This is much more effective in people understanding what I am trying to explain to them. The old adage “a picture is worth 1000 words” is absolutely correct in this. I recommend looking over UX portfolio pieces done by others to understand how to do this more effectively. And lots of practice.
- Tech/design language and concepts. Agile, Scrum, sprints, waterfall, lean, user stories, requirements, prototypes, generative, usability testing. A new world means learning a new vocabulary, and there is a lot to learn.
Read as much as possible about product and tech environments to learn how they talk. This was the easiest for me to start with and gave me confidence when I was sitting in meetings or talking to teams. I’ve been in the field for over five years and still struggle with some technical jargon, but getting the basics is important!
- Many, many meetings. This took me some time to balance. Since I am the bridge between the user and the different areas of the company, I am often in meetings with all the different teams.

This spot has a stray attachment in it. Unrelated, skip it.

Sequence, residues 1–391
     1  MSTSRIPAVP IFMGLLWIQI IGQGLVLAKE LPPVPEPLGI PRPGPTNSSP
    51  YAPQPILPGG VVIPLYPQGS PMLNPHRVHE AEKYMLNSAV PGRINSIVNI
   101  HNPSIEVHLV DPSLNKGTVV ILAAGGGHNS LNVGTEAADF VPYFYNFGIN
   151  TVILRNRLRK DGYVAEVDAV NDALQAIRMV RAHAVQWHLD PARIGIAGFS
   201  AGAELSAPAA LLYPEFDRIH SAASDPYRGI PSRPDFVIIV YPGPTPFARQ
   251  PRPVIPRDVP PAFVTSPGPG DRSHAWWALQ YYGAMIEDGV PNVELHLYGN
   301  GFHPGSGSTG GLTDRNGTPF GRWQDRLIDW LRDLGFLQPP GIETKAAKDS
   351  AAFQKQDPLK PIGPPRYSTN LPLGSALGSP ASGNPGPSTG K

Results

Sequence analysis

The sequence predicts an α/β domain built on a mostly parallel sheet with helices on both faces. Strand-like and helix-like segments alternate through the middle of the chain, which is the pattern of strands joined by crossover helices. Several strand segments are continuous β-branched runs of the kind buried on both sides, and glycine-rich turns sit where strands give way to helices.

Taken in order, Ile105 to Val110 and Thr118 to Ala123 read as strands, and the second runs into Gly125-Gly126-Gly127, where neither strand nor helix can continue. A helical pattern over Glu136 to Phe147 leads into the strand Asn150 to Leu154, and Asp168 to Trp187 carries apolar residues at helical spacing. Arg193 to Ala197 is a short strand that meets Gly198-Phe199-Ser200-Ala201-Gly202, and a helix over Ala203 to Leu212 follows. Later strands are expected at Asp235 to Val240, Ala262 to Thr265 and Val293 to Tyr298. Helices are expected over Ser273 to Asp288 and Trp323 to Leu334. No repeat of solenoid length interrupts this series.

I understand what they need from me, and I share the findings with each of them. It means hours spent in rooms talking with internal stakeholders. Then you have 60-90 minute research sessions on top of that.
With practice, you will learn to say “no” to, but you do tend to spend the day talking to many different people (which is exciting, but sometimes those used to working in isolation).
- Working with many different roles. Not only do you learn about user research, tech, and product when you start in a UXR role, but you also have to familiarize yourself with many different departments.
Unlike some academic research, user research doesn’t (and shouldn’t) work in a vacuum. You will be able to work with marketing, sales, account management, customer success, and even more.
With this, however, comes learning about what these other departments do and how you could best help them.